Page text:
Ethanol is a subject that residents of North Texas and Oklahoma largely hear about from other parts of the country - there are few places to purchase ethanol/gasoline blends in our area, and ethanol is not a product that our states produce in any measurable quantities. Why? Most of the ethanol in the United States is produced from corn, and production facilities and distribution points tend to be located in the Midwest, where 200-plus bushels per acre is commonplace.
One of the most common inquiries I get around this time of year in very dry years goes like this: "I put out fertilizer on my pasture this spring, and it hasn't rained much. I've had very little grass growth. Is the fertilizer still there? If so, how long will it stay there?" The quick answer is it's probably still there. The more informative answer is a bit more involved, but I'll try to explain it as simply as possible.
To increase quail numbers, the factor limiting their numbers must be identified and corrected. In most years and in most situations, plant food production is generally not the limiting factor. Thus, disking seldom increases bobwhite abundance because it does not address the issues that usually limit bobwhite numbers. However, food availability can limit quail numbers.
Cow-calf producers have seen interest rates and energy, fertilizer, freight, corn and hay prices increase over the past few years. There doesn't seem to be any relief in the immediate future. As cost per cow increases, so do break-even prices for weaned calves. How sensitive are the break-evens to fluctuations in costs? What can producers do to improve their operations?
With the end of the spring breeding season coming to a close, it's time to start planning the next step for the cows in your herd - pregnancy evaluation. Pregnancy evaluation in cattle is an important and valuable management tool. Checking the pregnancy status of your cow herd allows you to make timely culling decisions and focus your resources on the sound, reliable breeders in the herd.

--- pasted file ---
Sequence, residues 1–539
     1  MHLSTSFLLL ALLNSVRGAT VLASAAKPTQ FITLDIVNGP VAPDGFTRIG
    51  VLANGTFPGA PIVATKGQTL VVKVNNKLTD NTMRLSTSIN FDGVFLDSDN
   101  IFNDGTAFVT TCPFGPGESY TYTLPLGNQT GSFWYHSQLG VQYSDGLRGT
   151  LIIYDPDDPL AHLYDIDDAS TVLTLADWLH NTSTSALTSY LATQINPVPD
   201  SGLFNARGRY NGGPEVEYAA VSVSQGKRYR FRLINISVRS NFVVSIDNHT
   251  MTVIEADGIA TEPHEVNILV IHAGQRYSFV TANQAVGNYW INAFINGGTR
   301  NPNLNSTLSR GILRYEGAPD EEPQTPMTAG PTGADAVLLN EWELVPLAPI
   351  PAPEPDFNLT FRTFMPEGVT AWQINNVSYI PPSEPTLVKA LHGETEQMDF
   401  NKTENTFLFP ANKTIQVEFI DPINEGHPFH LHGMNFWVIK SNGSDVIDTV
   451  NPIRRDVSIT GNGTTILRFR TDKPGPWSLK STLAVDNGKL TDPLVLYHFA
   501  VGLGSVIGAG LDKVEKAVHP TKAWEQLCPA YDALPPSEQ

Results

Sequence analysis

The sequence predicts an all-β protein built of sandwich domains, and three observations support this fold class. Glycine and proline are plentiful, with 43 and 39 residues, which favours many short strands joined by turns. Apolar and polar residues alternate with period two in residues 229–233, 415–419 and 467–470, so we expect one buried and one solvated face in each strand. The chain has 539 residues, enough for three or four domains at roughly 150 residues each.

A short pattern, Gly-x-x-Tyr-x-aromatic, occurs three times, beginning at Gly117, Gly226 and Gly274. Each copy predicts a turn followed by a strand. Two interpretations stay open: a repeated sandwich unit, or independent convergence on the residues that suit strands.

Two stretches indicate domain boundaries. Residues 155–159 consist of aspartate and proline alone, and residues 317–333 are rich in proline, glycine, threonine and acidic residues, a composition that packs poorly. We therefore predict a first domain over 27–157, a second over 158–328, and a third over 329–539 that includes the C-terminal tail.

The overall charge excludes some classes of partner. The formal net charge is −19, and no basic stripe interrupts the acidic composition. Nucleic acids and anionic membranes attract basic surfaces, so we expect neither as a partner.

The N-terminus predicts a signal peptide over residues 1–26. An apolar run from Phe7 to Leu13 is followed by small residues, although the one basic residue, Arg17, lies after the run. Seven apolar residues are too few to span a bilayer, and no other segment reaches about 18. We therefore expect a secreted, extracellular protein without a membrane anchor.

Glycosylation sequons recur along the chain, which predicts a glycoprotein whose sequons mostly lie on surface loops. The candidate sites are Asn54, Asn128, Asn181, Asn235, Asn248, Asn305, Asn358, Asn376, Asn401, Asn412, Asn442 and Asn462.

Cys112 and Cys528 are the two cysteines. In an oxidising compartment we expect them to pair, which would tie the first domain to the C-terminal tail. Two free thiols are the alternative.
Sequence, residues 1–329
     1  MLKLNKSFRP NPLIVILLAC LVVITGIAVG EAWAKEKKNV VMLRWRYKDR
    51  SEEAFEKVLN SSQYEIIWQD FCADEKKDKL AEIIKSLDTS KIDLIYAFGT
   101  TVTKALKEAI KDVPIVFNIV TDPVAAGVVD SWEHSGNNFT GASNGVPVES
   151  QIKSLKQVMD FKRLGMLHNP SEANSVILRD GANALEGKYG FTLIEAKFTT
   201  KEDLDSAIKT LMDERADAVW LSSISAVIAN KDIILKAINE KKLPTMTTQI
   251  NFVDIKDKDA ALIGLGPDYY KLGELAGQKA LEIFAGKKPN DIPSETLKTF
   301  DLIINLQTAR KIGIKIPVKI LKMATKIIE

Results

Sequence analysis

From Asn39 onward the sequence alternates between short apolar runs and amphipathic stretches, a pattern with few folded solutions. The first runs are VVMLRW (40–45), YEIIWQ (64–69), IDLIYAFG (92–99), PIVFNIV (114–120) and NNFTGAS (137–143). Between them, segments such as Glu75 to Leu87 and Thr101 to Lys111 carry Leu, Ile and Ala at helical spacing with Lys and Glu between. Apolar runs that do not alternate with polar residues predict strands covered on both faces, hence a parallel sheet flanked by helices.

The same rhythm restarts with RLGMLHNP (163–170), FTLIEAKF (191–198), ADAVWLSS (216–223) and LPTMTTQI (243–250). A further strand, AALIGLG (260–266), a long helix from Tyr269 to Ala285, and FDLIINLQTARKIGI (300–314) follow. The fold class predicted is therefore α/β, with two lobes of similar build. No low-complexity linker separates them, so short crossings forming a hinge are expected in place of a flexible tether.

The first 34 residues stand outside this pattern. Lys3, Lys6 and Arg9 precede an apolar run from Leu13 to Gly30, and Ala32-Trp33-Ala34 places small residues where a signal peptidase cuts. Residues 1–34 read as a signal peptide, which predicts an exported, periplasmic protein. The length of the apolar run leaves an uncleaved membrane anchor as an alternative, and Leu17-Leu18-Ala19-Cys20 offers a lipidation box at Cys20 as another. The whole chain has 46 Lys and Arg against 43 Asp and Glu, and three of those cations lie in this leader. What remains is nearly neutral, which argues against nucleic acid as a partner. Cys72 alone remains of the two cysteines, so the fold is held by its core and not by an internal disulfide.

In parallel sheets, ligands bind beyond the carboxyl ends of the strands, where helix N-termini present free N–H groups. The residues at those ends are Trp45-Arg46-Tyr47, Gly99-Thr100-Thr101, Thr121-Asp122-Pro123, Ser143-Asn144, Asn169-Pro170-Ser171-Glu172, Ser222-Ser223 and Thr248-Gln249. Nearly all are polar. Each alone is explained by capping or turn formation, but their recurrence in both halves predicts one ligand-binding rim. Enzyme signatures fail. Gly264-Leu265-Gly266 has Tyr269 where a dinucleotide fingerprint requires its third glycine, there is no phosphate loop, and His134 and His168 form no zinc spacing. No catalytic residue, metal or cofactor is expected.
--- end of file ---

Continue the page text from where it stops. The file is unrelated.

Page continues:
Like us, many producers purchase inputs such as fuel, fertilizer, hay and feed in bulk quantities in order to obtain price discounts. Although this can be viewed as "smart shopping" on the part of the producer, it has serious implications to farm management decisions if the bulk-purchased inputs are not expensed across the enterprises correctly.
Planting season for winter pasture is rapidly approaching, and, after the lack of rainfall in our geographic region last fall and winter, there will be less cereal rye and wheat seed available this year. Therefore, if you have not located a source of seed for winter pasture, you'd better start now and reserve your needs as soon as possible.
Whether you live in the city or the country, the cost of keeping your garden and landscape watered continues to escalate. To get the most out of your irrigation dollar, consider adopting some of the following moisture management strategies.
Deciding what source to use for summer nitrogen can be difficult, because each has its pros and cons. The deciding factor for most producers is their tolerance for risk versus the cost for each type of nitrogen fertilizer.
If you were creating a list of important wildlife plants for the Noble Research Institute's service area, oaks would certainly be at or near the top of the list.